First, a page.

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Women religious and others demonstrate against the Affordable Care Act’s contraceptive mandate March 23 near the steps of the U.S. Supreme Court in Washington.




 
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Both sides claimed victory in the Little Sisters’ contraceptive mandate case: So now what?
May 24th, 2016
By Catholic News Agency


WASHINGTON, D.C. – While both sides say they are happy with the U.S. Supreme Court decision to send back to the lower courts the Little Sisters of the Poor case challenging the federal government’s contraceptive mandate under the Affordable Care Act – the final outcome is still up in the air.


On May 16, the Supreme Court sent Zubik v. Burwell back to the lower courts. The justices’ unanimous decision, explained in a nine-page unsigned opinion, was based on the information that both sides submitted a week after oral arguments were heard in the case about how and if contraceptive insurance coverage could be obtained by employees through their insurance companies without directly involving religious employers who object to this coverage.


Archbishop Joseph E. Kurtz of Louisville, Kentucky, president of the U.S. Conference of Catholic Bishops, said he was encouraged by the court’s decision. “It maintains hope that we might resolve this dispute finally and favorably sometime in the future, and in the meantime, it prevents the administration from issuing crippling fines against those who object” to the health care law’s contraceptive mandate.


Bishop David A. Zubik of Pittsburgh, for whom the consolidated group of cases is named, said in a statement that the Pittsburgh diocese was grateful the justices “recognize our willingness to reach a resolution that allows us to abide by our faith and the government to achieve its goals.”


Five appeals courts had ruled in favor of the contraceptive mandate and one had ruled against it. But now, equipped with the new information both sides submitted to the Supreme Court, the lower courts have been ordered to review these cases once more.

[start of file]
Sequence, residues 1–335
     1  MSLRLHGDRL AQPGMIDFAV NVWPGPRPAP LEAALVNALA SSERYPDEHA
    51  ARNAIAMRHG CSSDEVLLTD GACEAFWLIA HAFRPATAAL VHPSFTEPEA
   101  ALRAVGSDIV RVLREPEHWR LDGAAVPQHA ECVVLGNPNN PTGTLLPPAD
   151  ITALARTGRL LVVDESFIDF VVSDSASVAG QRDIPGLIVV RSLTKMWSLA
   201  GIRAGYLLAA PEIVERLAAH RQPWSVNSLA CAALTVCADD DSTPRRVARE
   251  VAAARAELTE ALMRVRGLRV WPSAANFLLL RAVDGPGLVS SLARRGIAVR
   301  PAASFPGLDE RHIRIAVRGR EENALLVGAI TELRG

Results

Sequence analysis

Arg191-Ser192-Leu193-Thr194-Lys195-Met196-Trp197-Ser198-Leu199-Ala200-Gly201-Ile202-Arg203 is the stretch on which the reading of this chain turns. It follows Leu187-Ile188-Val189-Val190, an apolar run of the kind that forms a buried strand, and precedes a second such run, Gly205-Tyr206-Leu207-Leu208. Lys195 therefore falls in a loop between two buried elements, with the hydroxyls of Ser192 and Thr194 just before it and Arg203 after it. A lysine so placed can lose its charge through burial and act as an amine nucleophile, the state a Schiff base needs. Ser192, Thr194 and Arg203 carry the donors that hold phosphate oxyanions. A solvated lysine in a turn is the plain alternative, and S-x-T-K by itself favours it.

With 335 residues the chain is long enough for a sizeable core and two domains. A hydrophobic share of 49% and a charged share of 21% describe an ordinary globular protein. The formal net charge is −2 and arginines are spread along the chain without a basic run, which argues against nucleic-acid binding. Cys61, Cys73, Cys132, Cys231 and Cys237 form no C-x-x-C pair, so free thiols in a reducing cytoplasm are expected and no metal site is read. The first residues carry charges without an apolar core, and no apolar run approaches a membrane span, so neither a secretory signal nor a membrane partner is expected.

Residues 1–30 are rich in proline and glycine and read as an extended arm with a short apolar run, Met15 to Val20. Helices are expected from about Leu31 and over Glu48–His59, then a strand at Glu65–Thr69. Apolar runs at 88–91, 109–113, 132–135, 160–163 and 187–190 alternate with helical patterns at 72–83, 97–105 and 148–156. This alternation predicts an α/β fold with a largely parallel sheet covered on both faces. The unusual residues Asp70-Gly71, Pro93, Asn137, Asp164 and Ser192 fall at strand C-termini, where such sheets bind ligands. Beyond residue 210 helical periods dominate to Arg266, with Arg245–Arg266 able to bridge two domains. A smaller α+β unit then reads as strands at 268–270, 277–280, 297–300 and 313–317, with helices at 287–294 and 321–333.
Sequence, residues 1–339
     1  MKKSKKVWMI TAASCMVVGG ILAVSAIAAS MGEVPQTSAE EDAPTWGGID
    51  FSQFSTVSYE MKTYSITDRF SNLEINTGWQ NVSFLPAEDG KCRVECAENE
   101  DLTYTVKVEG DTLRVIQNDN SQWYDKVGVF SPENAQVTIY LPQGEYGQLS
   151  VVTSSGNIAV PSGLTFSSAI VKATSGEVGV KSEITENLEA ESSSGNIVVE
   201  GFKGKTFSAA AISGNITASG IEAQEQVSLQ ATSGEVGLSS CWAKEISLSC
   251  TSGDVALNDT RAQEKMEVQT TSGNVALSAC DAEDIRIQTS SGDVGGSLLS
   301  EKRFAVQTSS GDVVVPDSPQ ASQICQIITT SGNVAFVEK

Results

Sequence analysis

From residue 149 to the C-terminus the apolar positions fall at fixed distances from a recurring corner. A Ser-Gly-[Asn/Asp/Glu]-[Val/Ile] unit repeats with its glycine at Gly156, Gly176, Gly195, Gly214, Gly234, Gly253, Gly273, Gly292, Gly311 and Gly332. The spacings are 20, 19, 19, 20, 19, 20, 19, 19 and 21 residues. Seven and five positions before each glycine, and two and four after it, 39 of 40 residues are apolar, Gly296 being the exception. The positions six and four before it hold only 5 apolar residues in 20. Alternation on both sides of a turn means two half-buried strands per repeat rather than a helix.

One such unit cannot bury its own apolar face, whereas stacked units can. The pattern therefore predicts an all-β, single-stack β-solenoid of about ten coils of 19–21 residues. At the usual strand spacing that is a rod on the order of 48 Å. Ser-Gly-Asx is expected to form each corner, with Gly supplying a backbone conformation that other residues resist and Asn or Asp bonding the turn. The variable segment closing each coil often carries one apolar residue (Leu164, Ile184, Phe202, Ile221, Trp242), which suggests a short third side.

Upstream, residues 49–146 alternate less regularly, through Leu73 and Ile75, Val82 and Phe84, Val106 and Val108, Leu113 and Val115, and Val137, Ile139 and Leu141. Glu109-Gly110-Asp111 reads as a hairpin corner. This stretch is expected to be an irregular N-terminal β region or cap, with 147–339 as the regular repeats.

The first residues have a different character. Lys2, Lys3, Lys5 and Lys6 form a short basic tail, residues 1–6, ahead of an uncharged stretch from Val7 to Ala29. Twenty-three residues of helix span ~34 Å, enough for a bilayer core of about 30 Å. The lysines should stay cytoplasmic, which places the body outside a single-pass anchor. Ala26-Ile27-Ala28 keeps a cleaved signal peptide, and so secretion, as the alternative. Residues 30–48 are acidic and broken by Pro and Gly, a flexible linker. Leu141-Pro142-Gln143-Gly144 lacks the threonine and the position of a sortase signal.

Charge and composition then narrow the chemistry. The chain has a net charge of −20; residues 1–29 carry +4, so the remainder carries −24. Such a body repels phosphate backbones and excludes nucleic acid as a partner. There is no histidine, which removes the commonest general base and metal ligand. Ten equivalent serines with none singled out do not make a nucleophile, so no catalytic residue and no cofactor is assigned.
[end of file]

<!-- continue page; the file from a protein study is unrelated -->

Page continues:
Justice Sonia Sotomayor and Justice Ruth Bader Ginsburg wrote separately to stress that the court had not decided any of the legal questions in the cases and cautioned the lower courts not to read anything into the new opinion.


Marc DeGirolami of St. John’s University School of Law said that “there will very likely be another round of litigation” in Zubik v. Burwell, “unless the parties can come to an agreement.”


And an agreement might not happen, Helen Alvare of George Mason University Law School said, because the government’s lawyers “were not at all cooperative” when asked to propose such a solution.


The lawsuits involve a government mandate under the Affordable Care Act requiring employers to provide cost-free coverage for contraceptives, sterilizations, and abortion-inducing drugs to employees. Religiously objecting nonprofits had been offered an “accommodation” under which they could notify the government of their objection. The government would then direct their insurer or third party insurance administrator to provide the coverage.


The Little Sisters of the Poor, as well as the Archdiocese of Washington and a number of other religious nonprofits, sued the government, saying this arrangement still forced them to cooperate with morally-objectionable practices because their notification would facilitate the problematic coverage.


Lawyers for the Little Sisters said this was a victory for them, while the White House said it was very pleased with the decision.


But ultimately, it is still uncertain what will happen with the Little Sisters’ health plans, said DeGirolami, because the sisters are self-insured. Self-insured plans are not covered in the court’s opinion, he said, “so it’s extremely unclear what will happen to them.”


However, the court did suggest something significant in the nuns’ favor – that their free exercise of religion may have been substantially burdened, Alvare said.


Under the Religious Freedom Restoration Act, the 1993 federal law at the heart of the case, “Government shall not substantially burden a person’s exercise of religion” unless the government proves both that it has a “compelling interest” for acting and that it is using the “least restricting means” of furthering that interest.


However, it seems the court “swallowed the [government’s] argument that contraception is preventive health care,” she said.


Catholic News Service contributed.


From May 26, 2016 issue of Catholic San Francisco.






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